Iranian President Mahmoud Ahmadinejad announced on Monday that the country will soon send bigger satellites to higher altitudes, at least, 35,000km away from the Earth.
“We will launch big satellites into the space in a not far future, and these satellites will be placed in an altitude 35,000km distant from the Earth,” Ahmadinejad said, addressing the inaugural ceremony of two water dams in the Northwestern Zanjan province.
He referred to the launch of the Iranian satellite, Rasad (Observation), in recent days, and reiterated that Iran enjoys all the technical know-how and knowledge needed for sending heavy satellites into space.
Rasad which weighs 15.3 kilograms and was designed to be launched into the 260 kilometer orbit of the earth rotates around the earth 15 times in 24 hours.
Rasad’s mission is establishing contact with earth stations, obtaining orders from those stations, image taking from the earth, and dispatching those images along with telemetry information back to the earth stations.
The topology and structure of the earth stations of Rasad satellite, too, have been designed to provide the possibility for maximum access to Rasad through them, obtaining information from it, and forwarding commands to it at ease for the operators in charge.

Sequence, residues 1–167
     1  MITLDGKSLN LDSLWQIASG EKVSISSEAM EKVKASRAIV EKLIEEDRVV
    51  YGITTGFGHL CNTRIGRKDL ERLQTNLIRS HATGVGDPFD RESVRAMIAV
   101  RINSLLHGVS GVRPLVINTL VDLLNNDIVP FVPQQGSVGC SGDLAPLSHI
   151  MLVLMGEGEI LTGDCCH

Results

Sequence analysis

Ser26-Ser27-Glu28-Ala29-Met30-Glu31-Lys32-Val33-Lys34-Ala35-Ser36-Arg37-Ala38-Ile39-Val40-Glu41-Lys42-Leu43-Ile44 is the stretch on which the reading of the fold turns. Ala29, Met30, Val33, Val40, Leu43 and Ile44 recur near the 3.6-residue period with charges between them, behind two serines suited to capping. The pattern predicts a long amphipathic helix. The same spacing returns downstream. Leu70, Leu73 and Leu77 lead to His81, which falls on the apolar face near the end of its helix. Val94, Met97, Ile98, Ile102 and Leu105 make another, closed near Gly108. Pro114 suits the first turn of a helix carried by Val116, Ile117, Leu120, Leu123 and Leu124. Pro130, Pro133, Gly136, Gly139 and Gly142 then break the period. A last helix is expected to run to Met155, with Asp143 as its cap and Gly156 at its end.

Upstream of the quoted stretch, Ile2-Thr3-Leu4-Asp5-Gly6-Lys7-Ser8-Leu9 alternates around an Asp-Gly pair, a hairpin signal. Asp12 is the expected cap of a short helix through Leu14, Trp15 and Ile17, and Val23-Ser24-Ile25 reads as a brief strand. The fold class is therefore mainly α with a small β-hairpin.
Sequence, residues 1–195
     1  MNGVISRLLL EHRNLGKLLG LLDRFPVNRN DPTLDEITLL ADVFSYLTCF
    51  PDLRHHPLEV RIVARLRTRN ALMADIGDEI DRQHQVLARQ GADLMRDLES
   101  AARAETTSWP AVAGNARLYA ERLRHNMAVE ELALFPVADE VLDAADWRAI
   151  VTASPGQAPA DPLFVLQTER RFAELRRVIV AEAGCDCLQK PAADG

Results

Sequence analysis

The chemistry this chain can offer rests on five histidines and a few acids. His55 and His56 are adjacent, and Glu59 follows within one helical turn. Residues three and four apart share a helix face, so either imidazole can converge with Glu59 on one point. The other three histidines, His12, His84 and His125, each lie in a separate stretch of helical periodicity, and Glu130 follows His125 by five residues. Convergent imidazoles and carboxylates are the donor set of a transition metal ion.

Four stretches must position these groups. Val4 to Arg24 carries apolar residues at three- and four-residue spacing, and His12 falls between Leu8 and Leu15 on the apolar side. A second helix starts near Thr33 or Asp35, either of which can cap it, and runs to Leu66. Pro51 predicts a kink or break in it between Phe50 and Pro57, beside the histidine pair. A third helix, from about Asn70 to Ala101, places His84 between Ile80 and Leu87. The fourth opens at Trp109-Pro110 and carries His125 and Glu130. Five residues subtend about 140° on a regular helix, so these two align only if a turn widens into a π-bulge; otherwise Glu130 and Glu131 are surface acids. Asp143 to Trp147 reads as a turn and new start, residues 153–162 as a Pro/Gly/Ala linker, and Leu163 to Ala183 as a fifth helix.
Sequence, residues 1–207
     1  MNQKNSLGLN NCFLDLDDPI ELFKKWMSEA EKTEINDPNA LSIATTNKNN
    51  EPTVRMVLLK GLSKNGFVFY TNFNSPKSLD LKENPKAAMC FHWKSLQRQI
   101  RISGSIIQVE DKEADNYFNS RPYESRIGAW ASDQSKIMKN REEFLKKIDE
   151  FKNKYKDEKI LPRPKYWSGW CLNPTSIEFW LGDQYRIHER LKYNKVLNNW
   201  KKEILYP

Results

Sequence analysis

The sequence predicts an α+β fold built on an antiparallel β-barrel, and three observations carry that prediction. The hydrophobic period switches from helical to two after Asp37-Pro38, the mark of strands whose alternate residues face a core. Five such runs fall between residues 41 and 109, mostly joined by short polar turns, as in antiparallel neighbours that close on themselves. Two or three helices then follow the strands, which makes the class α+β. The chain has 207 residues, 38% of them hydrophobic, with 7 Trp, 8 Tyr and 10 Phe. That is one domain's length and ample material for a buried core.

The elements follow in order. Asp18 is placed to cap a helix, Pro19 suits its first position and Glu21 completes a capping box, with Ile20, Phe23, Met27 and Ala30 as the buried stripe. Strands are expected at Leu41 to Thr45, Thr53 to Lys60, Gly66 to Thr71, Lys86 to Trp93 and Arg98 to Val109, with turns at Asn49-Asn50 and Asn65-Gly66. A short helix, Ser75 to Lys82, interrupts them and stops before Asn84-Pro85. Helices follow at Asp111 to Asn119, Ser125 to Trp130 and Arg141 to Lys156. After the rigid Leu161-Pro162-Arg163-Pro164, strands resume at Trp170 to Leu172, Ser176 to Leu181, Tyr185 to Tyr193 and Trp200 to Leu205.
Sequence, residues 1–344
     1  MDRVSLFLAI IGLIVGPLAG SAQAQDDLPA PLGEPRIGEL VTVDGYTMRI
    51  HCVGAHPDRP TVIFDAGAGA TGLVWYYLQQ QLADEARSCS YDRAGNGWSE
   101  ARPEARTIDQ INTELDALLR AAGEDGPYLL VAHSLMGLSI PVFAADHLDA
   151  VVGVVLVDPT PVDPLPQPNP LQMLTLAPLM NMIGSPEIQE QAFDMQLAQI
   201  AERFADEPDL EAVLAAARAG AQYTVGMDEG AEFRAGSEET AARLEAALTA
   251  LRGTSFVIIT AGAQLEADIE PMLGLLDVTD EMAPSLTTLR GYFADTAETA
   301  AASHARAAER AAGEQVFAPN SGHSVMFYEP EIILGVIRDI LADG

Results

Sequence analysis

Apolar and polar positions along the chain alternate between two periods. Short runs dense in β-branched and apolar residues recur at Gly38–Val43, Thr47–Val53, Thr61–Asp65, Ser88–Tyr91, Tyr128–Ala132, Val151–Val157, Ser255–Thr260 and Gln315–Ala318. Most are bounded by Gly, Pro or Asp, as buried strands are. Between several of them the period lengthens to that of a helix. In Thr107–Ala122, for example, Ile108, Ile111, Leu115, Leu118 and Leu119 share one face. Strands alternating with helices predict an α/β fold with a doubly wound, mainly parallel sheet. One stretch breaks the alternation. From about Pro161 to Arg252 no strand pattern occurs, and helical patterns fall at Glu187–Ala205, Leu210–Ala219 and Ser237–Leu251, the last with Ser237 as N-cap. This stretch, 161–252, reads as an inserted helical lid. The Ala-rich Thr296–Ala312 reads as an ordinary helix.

Iran has recently taken wide strides in aerospace. The country sent the first biocapsule of living creatures into space in February, using its home-made Kavoshgar-3 (Explorer-3) carrier.
Iran announced in February that it planned to unveil and send two recently-built satellites into space in the near future.
Iranian President Mahmoud Ahmadinejad had also earlier announced that the country plans to send a home-made measurement satellite into orbit in the near future.
“Iran’s measurement satellite will be launched into space from an Iranian launch-pad and will have an Iranian exchange station and control station,” Iranian president said late 2010.
Ahmadinejad further noted Iran’s plans for sending astronauts into space in 2024, and said that the issue had gone under a second study at a cabinet meeting and that the cabinet had decided to implement the plan in 2019, five years earlier than the date envisaged in the original plan.
Omid (hope) was Iran’s first research satellite that was designed for gathering information and testing equipment. After orbiting for three months, Omid successfully completed its mission without any problem. It completed more than 700 orbits over seven weeks and reentered the Earth’s atmosphere on April 25, 2009.
After launching Omid, Tehran unveiled three new satellites called Tolou, Mesbah II and Navid, respectively. Iran has also unveiled its latest achievements in designing and producing satellite carriers very recently.
A new generation of home-made satellites and a new satellite carrier called Simorgh (Phoenix) were among the latest achievements unveiled by Iran’s aerospace industries.
The milk-bottle shaped rocket is equipped to carry a 60-kilogram (132-pound) satellite 500 kilometers (310 miles) into orbit.
The 27-meter (90 foot) tall multi-stage rocket weighs 85 tons and its liquid fuel propulsion system has a thrust of up to 143 tons.
Iran is one of the 24 founding members of the United Nations’ Committee on the Peaceful Uses of Outer Space (UNCOPUOS), which was set up in 1959.